SEC. 20. Duties of attorneys. – It is the duty of an attorney:

x x x x

(c) To counsel or maintain such actions or proceedings only as appear to him to be just, and such defenses only as he believes to be honestly debatable under the law;

x x x x

(g) Not to encourage either the commencement or the continuance of an action or proceedings, or delay any man’s cause, from any corrupt motive or interest;

In this case, the Court notes that Atty. Plata did not deny that he had filed several civil, criminal and administrative cases against the opposing parties and their counsels. In his Answer to the administrative complaint, Atty. Plata justifies the various pending suits filed by him and his client, Eustaquio, as proof of the truth and veracity of the allegations against Pagdanganan and his co-respondents.[34]

However, upon examination of the records, it becomes apparent that these suits are mere harassing tactics against Pagdanganan, his co¬≠respondents and their counsel. The Court is mindful of Atty. Plata’s duty to defend his client’s cause with utmost zeal. However, professional rules, as above-quoted, impose limits on a lawyer’s zeal and hedge it with necessary restrictions and qualifications.[35] Atty. Plata’s filing of several cases against the adverse parties and their counsel lays bare his intent to repress the opposing counsel from exerting utmost effort in protecting his clients’ interests. The filing of several groundless suits and the reservation of filing another perjury suit in the future despite the pendency of another perjury case reveal Atty. Plata’s gross indiscretion as a colleague in the legal profession, in blatant violation of his oath and duties as a lawyer.[36]

Atty. Plata’s harassing tactics of filing multiple groundless and baseless suits are contrary to the following Rules and Canons in the Code of Professional Responsibility:

CANON 8 – A lawyer shall conduct himself with courtesy, fairness and candor towards his professional colleagues, and shall avoid harassing tactics against his opposing counsel.

Rule 10.03 – A lawyer shall observe the rules of procedure and shall not misuse them to defeat the ends of justice.

Rule 12.02 – A lawyer shall not file multiple actions arising from the same cause.

Rule 12.04 – A lawyer shall not unduly delay a case, impede the execution of a judgment or misuse a Court process.

Without prejudice to the outcome of the perjury case with damages, the Court emphasizes that there is no hard and fast rule for determining what would be a fair amount of moral or exemplary damages, each case having to be governed by its attendant particulars. The amount of moral damages should be commensurate with the actual loss or injury suffered.[37] However, where the awards of moral and exemplary damages are far too excessive compared to the actual losses sustained by the aggrieved party, the Court has ruled that they should be reduced to more reasonable amounts.[38]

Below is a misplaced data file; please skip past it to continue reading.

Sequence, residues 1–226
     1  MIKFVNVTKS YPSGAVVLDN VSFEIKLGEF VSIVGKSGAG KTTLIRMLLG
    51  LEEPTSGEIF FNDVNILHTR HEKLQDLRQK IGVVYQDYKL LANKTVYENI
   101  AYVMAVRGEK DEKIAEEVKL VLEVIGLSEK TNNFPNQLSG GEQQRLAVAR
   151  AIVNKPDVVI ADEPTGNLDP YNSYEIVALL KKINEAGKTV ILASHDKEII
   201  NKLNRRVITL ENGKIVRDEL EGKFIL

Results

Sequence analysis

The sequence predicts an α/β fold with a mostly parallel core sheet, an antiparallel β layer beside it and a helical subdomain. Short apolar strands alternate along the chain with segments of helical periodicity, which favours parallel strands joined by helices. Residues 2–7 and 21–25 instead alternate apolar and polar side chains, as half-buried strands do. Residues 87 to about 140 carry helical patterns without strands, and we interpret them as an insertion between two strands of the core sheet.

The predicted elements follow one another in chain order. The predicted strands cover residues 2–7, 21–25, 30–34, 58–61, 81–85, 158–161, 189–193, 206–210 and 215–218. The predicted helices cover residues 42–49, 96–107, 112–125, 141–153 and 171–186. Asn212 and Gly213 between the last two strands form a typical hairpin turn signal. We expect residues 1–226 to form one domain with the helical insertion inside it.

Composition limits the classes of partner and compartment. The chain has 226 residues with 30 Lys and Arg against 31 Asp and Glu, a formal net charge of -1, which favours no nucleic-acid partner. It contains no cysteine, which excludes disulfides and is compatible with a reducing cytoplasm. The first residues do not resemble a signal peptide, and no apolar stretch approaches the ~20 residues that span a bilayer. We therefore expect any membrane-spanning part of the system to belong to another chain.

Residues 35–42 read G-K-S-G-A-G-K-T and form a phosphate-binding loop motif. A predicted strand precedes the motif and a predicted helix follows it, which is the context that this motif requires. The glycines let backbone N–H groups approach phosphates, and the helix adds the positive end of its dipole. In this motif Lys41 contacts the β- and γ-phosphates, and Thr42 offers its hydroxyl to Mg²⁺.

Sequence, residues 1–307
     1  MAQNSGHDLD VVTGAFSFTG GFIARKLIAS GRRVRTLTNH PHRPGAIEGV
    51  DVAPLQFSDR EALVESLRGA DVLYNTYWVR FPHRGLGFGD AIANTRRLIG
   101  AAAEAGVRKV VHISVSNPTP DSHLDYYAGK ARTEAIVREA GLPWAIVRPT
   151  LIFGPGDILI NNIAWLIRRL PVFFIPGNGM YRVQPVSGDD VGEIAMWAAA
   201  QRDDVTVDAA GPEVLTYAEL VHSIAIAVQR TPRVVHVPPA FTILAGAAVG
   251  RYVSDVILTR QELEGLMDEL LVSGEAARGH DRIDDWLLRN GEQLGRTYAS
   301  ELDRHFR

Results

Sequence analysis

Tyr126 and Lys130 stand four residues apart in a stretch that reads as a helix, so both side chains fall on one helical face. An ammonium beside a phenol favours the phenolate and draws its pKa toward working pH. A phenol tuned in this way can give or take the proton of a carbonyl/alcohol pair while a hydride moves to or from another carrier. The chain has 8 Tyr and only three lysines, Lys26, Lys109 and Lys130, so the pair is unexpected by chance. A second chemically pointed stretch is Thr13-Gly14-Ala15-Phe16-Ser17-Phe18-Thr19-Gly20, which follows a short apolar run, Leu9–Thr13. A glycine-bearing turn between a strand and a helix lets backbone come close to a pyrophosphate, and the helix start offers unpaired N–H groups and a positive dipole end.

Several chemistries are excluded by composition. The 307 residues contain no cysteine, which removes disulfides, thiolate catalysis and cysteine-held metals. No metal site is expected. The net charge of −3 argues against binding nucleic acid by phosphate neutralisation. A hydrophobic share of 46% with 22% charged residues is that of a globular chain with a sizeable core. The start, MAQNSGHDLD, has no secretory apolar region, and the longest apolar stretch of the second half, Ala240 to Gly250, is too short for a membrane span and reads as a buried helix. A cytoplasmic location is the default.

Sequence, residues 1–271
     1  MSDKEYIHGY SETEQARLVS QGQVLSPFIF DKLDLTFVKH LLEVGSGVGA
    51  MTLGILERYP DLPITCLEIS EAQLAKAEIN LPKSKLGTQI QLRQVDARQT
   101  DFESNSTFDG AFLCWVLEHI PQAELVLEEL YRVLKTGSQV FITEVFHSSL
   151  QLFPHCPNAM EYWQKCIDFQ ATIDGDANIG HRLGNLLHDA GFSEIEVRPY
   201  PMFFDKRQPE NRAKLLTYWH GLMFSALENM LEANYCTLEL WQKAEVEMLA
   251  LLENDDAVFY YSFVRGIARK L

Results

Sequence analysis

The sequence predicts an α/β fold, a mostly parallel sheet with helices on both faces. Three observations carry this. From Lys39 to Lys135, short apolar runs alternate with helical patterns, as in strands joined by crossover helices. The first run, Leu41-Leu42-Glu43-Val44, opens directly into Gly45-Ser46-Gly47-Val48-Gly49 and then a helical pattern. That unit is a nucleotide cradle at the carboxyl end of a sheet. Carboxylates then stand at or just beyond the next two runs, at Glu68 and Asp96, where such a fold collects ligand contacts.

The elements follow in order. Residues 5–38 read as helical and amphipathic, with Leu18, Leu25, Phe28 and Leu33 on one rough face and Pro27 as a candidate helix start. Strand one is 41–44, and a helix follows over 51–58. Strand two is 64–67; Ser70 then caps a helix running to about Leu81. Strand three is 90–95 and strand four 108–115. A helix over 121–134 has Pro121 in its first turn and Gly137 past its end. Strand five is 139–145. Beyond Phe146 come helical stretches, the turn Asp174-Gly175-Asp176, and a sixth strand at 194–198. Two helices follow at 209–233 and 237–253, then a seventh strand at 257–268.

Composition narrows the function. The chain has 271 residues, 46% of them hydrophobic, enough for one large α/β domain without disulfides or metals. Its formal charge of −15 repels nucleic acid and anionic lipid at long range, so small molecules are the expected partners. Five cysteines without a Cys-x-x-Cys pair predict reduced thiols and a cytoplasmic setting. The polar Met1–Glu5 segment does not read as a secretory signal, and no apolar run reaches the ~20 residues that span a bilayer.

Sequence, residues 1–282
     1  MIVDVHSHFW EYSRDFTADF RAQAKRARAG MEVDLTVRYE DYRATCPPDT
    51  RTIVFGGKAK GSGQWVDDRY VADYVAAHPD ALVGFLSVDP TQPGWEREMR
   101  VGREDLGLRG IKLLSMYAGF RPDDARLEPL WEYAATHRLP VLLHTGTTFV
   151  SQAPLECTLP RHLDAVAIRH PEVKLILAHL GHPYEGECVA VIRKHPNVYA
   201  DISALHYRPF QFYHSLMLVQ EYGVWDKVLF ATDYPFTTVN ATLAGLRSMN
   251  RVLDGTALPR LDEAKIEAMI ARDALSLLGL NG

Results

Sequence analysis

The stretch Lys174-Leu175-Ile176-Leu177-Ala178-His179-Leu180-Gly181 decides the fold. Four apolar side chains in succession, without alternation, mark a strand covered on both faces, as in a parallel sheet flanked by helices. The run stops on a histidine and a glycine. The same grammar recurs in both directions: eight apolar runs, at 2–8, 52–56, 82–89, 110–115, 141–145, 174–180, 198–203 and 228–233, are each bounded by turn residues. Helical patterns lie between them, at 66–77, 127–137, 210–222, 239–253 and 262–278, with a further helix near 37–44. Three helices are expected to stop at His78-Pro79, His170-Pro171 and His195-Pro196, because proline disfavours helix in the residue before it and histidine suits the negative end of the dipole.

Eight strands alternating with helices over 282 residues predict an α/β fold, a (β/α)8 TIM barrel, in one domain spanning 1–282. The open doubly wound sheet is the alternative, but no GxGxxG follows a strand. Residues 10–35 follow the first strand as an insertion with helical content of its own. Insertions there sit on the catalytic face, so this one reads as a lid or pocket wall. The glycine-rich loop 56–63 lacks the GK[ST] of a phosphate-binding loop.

Thus, for having violated the Lawyer’s Oath, the Duties of Attorneys and the Code of Professional Responsibility, Atty. Plata’s gross misconduct should be meted out with the commensurate penalty.

WHEREFORE, the Court ADOPTS and APPROVES the Resolutions of the Integrated Bar of the Philippines-Board of Governors dated February 22, 2018 and June 17, 2019. Accordingly, Atty. Romeo C. Plata is found GUILTY of violating the Lawyer’s Oath, the Duties of Attorneys and the Code of Professional Responsibility. He is hereby SUSPENDED from the practice of law for two years with a STERN WARNING that a repetition of the same or a similar offense will warrant the imposition of a more severe penalty.

Let copies of this Decision be furnished: (a) the Office of the Court Administrator for dissemination to all courts throughout the country for their information and guidance; (b) the Integrated Bar of the Philippines; and (c) the Office of the Bar Confidant. Let a copy of this Decision be attached to the personal records of the respondent.


Peralta, C.J., Perlas-Bernabe, Leonen, Caguioa, Reyes, A., Jr., Gesmundo, Carandang, Lazaro-Javier, Inting, Zalameda, Lopez, Delos Santos, and Gaerlan, JJ., concur.
Reyes, J., Jr., J., on wellness leave.

[1] Rollo, p. 1 – unpaginated.
[2] Id. at 23.
[3] Id. at 104-106.
[4] Id. at 24-28; penned by Judge Wilfredo V. Timola.
[5] Id. at 28.
[6] Id. at 2-3.
[7] Id. at 12-13.
[8] Id. at 13.
[9] Id. at 2-11.
[10] Id.
[11] Id. at 11.
[12] Id. at 1-unpaginated.
[13] Id. at 175-190.
[14] Id. at 1.
[15] Id. at 179.
[16] Id. at 1-unpaginated.
[17] Id. at 15-20.
[18] Id. at 205-214.
[19] Id. at 15.
[20] Id. at 17.
[21] Id. at 15, 18.
[22] Id., unpaginated.
[23] Id., unpaginated.
[24] Id.
[25] Id.
[26] Id.
[27] Id.
[28] Id.
[29] Alpajora v. Calayan, A.C. No. 8208, January 10, 2018, 850 SCRA 99, 113.
[30] Id.
[31] Buehs v. Bacatan, 609 Phil. 1, 12 (2009).
[32] Rollo, unpaginated.
[33] The Attorney’s Oath under the Rules of Court reads:

FORM 28. – Attorney’s Oath.

I, __, do solemnly swear that I will maintain allegiance to the Republic of the Philippines; I will support its Constitution and obey the laws as well as the legal orders of the duly constituted authorities therein; I will do no falsehood, nor consent to the doing of any in court; I will not wittingly or willingly promote or sue any groundless, false or unlawful suit, nor give aid nor consent to the same. I will delay no man for money or malice, and will conduct myself as a lawyer according to the best of my knowledge and discretion with all good fidelity as well to the courts as to my clients; and I impose upon myself this voluntary obligation without any mental reservation or purpose of evasion. So help me God.

[34] Rollo, p. 17.
[35] Alpajora v. Atty. Calayan, supra note 29, at 114.
[36] Id.
[37] Del Rosario v. Court of Appeals, 334 Phil. 812, 828 (1997).
[38] Radio Communications of the Philippines, Inc. v. Rodriguez, 261 Phil. 1064, 1074 (1990) citing Prudenciado v. Alliance Transport System, Inc., 232 Phil. 406, 414 (1987).